- Over a quarter – 26% – of parents in the UK agree that their child feels that their long-term university and career prospects have been damaged by COVID-19
- 25% – around 2.8 million parents – agree that as a result of COVID-19, they have been unable to invest in their child’s education in the form of resources and additional support
Research from the London School of Economics (LSE) has shown that a quarter of students did not receive any teaching when schools shut back in March. Coronavirus impacted education heavily and served to highlight the learning disparities across the UK, with the research showing that private school students received far more schooling during lockdown than those enrolled in state schools; with 74% vs. 38% of pupils receiving lessons at home respectively.
Research from MyTutor (https://www.mytutor.co.uk) – the UK’s leading online tutoring platform – takes this a step further, and reveals the more long-term impact on the education and career prospects of students:
- 26% of UK parents agree that their child feels that their long-term university and career prospects have been damaged by COVID-19
- 26% agree that since COVID-19, there is a visible decline in their child’s educational progression and they’re now scoring lower
- 59% agree that since COVID-19, their child has fallen out of a routine with regards to their education and their motivation to work has declined
- 25% agree that as a result of COVID-19, they have been unable to invest in their child’s education in the form of resources and additional support
2020 has been a disruptive year for teens’ education, and with 1 in 5 UK schools not fully open even before the half-term break began, filling in learning gaps remains a top priority for teens – and a big challenge. On top of that, after this year’s exam cancellations, parents are encouraging their kids to treat mock exams with the seriousness of their graded summer qualifications to safeguard against exams being cancelled again in the Spring, adding even more academic pressure to this term. To help them catch up and get on track for the academic challenges ahead, MyTutor (https://www.mytutor.co.uk) has launched a series of free group tutoring sessions for GCSE students during this half term. Teens can sign up here for classes in Chemistry, Biology and Maths: https://m.mytutor.co.uk/halfterm-group-tutorial/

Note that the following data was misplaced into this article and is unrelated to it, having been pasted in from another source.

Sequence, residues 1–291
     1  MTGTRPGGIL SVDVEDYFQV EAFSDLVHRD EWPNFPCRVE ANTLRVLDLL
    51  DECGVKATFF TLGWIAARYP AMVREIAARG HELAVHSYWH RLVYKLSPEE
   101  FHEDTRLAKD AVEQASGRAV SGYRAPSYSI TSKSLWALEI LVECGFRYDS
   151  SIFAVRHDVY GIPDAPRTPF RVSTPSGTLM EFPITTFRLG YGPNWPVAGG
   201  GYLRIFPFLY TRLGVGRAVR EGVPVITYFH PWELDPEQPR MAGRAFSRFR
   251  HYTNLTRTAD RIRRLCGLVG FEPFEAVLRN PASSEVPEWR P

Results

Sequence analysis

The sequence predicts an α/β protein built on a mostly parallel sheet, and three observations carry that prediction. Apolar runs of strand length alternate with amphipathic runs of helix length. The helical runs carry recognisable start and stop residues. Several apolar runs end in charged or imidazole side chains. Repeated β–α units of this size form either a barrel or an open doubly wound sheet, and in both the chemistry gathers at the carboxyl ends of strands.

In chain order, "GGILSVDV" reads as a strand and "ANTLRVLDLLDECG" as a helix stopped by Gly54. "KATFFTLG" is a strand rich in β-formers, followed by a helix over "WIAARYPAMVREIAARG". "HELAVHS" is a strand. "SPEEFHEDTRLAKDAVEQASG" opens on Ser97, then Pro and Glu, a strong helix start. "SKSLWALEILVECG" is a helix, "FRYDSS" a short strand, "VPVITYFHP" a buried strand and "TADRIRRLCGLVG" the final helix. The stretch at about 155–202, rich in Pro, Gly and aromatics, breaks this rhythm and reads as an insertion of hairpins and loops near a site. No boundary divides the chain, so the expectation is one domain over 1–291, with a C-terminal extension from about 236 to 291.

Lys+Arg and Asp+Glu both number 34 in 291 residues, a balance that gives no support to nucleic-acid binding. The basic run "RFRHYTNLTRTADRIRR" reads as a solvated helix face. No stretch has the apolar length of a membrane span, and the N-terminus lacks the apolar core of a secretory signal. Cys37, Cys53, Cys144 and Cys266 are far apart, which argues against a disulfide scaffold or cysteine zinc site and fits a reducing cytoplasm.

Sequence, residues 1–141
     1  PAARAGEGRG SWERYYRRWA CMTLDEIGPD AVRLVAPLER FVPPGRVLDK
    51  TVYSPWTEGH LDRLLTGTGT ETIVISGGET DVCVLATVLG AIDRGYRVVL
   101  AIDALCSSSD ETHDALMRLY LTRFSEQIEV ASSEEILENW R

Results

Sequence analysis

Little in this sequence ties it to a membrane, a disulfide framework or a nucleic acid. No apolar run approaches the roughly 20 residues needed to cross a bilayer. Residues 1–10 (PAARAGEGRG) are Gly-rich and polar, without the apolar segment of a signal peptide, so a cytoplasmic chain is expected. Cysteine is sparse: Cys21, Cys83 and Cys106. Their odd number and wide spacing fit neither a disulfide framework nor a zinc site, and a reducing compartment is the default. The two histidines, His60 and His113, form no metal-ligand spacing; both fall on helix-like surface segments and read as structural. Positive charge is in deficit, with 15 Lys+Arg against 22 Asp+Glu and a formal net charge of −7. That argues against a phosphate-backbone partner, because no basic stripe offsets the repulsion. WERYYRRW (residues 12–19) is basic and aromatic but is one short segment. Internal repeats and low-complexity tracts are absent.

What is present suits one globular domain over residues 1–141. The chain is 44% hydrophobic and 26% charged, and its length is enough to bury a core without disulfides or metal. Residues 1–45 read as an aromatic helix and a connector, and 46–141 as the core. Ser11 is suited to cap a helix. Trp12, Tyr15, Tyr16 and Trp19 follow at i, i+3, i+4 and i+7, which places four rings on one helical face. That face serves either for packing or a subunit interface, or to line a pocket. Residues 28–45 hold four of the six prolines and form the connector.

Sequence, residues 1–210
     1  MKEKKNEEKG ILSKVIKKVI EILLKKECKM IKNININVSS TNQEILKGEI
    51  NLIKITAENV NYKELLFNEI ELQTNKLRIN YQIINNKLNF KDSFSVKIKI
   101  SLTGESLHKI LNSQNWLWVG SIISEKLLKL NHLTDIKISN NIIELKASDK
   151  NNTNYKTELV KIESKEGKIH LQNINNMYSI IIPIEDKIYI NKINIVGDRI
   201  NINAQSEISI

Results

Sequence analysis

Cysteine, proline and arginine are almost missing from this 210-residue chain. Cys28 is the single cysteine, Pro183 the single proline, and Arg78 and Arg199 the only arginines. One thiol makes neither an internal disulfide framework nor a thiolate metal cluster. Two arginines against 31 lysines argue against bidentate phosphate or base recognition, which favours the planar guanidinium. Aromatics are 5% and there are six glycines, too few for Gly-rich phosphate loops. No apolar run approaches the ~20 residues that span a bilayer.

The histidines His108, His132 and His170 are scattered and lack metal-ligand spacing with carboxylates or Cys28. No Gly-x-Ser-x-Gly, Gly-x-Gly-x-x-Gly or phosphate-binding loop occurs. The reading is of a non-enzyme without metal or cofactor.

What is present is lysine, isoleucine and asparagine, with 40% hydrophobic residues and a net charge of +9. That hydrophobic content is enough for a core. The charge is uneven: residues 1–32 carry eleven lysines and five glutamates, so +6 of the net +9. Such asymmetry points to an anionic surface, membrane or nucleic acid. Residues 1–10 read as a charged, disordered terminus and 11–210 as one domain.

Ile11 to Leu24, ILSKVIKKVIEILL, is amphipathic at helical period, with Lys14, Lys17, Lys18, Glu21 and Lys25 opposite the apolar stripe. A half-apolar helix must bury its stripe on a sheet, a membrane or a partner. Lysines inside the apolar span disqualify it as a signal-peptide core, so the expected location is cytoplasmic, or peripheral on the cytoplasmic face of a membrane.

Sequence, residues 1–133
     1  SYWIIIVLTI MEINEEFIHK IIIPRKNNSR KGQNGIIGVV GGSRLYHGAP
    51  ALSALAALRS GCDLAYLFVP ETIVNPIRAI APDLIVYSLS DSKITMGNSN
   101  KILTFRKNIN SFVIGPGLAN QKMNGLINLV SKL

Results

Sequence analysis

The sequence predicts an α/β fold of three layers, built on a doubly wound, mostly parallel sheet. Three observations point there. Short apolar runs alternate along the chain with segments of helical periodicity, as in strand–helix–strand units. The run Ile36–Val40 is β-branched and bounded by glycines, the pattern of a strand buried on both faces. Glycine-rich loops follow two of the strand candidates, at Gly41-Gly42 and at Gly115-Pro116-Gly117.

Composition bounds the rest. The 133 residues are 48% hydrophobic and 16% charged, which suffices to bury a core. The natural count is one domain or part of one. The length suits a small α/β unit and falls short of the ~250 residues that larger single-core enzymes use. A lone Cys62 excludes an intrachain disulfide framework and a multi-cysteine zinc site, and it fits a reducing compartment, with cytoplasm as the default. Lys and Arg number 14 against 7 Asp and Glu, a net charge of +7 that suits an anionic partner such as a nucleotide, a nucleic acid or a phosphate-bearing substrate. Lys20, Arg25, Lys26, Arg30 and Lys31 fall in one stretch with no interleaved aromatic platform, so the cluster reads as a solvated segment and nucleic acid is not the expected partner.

For the communities of parents affected financially by the Coronavirus crisis, many unfortunately do not have the resources to invest in their child’s education. As the research from MyTutor shows, 25% of UK parents have been unable to support their child’s learning due to COVID-19. There has never been a more critical time to safeguard the availability of high-calibre education to all pupils. MyTutor wants to make excellent learning experiences available to all, and by offering these free half term courses they’re helping as many teens achieve their academic potential.
Bertie Hubbard – CEO and co-founder of MyTutor – discusses how EdTech can support students during this difficult time:
“With so many teens having to continue their home learning this term, EdTech is an invaluable solution to help keep their education on track. Online learning platforms can be accessed in a safe and flexible way across the UK, providing an ongoing source of effective educational support. This half term is an opportunity for teens to fill in any learning gaps they’ve developed this year, and with the latest tier 2 measures, using an online solution is the best way to provide covid-proof help across the country.
That’s why MyTutor is launching a series of free live group tutorials over the half term break. For GCSE students in Maths, Chemistry and Biology, teens can join in 5-day courses led by some of our most experienced tutors, whatever their background and wherever they are. These tutorials will give them the chance to catch-up on any lost learning, boost their motivation and get tailored support on any problem topics, and learn with other teens in the same boat as them – all free of charge.”